Avian flu scare
The phrase avian flu has become an everyday topic of discussion, especially in the Midwest. And while it appears no farmers in Faribault County have been affected, precautions are starting to be taken, even by backyard poultry farmers.
“I know I?did some research about all of this when I?first found out,”?Eva Adams says.
Adams, of Winnebago, admits she did have some concerns about the avian flu outbreaks.
Adams and her husband, Mark, live on a farm just outside of Winnebago and in the summer could have more than 300 chickens and 20 to 25 turkeys. Some chickens are layers which are raised year round while others are called broiler chickens which are raised through the summers.
According to an article released by the University of Minnesota Extension Office, Avian flu started to become prevalent in December 2014 when cases of the H5N2 virus were reported in Washington, Oregon, California, Idaho, Arkansas, Missouri and Minnesota.
However, since March of this year, there has been an outbreak of cases which has only continued to grow as an issue.
In fact, the H5N2 strain has caused more than 130 cases in the country since December with approximately 85 cases being recorded in Minnesota.
Those 85 cases span across 21 counties in the state, according to the Minnesota Board of Animal Health’s website which they update regularly with statistics.
And, although Faribault County is not listed in those statistics yet, the reported cases are starting to get close to home.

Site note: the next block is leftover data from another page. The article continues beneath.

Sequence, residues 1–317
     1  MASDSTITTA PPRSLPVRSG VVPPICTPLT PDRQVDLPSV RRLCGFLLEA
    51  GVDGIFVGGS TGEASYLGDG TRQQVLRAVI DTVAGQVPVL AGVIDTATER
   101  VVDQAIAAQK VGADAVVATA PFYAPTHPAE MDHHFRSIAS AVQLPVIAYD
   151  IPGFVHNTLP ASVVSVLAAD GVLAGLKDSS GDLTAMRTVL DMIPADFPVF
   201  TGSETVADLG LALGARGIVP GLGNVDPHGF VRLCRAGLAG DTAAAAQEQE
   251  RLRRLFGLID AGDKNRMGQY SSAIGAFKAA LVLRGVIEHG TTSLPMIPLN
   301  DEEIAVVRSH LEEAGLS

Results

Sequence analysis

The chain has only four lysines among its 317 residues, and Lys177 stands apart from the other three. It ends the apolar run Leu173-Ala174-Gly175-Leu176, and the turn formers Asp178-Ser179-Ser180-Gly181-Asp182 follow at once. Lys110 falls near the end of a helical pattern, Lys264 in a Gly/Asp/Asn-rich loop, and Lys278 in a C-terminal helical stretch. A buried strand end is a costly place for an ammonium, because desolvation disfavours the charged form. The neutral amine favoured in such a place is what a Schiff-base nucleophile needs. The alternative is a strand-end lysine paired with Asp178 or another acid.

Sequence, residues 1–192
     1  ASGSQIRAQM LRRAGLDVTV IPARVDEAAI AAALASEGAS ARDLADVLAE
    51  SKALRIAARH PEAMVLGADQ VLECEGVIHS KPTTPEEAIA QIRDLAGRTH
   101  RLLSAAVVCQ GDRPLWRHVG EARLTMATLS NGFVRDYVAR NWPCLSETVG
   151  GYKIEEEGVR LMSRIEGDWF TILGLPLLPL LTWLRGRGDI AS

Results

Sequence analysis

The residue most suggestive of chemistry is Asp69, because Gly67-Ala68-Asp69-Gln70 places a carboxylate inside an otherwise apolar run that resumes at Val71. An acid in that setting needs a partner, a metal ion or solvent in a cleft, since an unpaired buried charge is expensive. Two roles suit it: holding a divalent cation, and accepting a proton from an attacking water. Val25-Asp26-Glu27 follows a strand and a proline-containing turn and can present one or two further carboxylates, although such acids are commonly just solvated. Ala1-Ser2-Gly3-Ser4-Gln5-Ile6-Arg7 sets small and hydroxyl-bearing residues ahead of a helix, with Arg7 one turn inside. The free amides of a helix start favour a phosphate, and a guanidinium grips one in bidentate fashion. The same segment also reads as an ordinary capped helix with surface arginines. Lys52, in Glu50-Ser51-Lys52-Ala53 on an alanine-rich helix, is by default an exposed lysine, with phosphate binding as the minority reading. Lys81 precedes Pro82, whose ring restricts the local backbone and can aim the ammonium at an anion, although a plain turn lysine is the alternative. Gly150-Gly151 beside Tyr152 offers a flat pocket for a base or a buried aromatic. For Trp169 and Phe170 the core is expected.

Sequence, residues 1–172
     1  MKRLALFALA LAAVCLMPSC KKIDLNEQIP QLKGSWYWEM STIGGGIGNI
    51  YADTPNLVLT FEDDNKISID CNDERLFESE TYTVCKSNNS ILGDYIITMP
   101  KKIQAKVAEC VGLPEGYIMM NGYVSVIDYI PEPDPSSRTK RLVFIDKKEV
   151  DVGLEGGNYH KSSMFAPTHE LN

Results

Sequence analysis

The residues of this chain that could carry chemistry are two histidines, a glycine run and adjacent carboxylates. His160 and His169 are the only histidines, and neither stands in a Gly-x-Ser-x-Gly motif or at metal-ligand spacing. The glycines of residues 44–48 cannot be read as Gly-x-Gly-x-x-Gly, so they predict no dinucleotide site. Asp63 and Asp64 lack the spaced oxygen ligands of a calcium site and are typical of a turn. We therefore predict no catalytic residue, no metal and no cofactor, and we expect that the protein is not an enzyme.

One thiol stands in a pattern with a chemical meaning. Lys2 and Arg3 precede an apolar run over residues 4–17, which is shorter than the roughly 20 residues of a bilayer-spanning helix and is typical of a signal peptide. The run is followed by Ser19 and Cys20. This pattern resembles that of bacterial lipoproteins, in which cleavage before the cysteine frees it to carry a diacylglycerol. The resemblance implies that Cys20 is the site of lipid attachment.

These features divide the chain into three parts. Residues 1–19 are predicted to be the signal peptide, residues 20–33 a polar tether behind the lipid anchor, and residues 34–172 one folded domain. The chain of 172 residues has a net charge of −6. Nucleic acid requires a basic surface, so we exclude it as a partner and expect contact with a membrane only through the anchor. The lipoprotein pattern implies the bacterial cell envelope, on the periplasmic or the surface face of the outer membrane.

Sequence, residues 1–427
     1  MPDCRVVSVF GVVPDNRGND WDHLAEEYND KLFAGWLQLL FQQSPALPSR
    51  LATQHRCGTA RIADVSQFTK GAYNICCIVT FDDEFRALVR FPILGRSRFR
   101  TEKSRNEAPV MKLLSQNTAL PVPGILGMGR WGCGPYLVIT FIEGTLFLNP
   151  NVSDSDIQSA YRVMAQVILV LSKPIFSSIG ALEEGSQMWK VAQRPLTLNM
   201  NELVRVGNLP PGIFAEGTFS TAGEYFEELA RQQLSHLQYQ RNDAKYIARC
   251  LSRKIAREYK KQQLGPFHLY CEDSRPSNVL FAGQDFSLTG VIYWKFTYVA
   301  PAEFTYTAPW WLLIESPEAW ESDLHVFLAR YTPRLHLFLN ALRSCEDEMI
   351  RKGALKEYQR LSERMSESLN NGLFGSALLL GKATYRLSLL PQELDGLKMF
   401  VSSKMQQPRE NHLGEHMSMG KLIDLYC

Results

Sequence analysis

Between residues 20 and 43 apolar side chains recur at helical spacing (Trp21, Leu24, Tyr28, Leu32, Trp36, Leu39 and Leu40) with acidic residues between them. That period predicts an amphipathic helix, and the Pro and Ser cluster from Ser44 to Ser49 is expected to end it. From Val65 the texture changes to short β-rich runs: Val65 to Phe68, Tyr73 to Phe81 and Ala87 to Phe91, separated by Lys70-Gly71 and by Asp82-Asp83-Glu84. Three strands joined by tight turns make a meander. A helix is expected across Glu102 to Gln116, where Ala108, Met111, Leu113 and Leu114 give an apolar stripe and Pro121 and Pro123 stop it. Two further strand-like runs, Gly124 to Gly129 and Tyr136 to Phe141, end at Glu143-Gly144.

One case was reported in Watonwan County which affected a commercial turkey farm of 30,000 birds. Others reported near Faribault County include one confirmed case in Steele County, two in Cottonwood County and one in Nobles County.
According to the U.S. Department of Agriculture, Census of Agriculture taken in 2012, Faribault County has 12 poultry farms. So, the potential for the outbreak to move into the local farming community is there.
Although the Adams, of Winnebago, are not considered commercial poultry farmers, they have a lot to worry about just like any other farm in Faribault County raising chickens or turkeys.
“I have been watching them (her chickens),” she added.
Many times there are very little signs of the H5N2 flu other than sudden death. But, sometimes symptoms in the flock can include: sneezing; lack of energy; drop in egg production; swelling around the eyes, neck, and head; or purple discoloration of wattles, combs, and legs.
If poultry farmers notice any of these signs they should report the case to someone.
“I?would call the veterinarian,”?Adams adds.
Which is just what the U of M Extension recommends, calling the local veterinarian or the USDA at (866) 536-7593.
The current strain of avian flu reportedly comes from wild birds. Poultry which are raised outdoors or with outdoor access are at a greater risk for contracting avian flu.
However, the poultry farms with more staff in contact with the birds can also spread the virus.
“We don’t have as many people in and out of our farm,”?Adams added. “And the chickens don’t have access with other wild ones (birds). I think that helps out a lot.”
The avian outbreak seems to have had a great impact on producers. If one of their birds is infected it could wipe out their whole flock.
“After looking into some of the avian flu I heard that it’s common for them to have to destroy the animals,”?Adams says.
A?situation like that could set a commercial farmer back quite a while in their operation.
However, how does this affect the consumers looking to purchase eggs, turkey, chicken or other poultry products?
Well, according to the National Turkey Federation, with an annual production of 240 million turkeys in the United States, individuals will have no problem finding poultry products at a comparable price as the avian flu has affected less than one percent of the turkey population.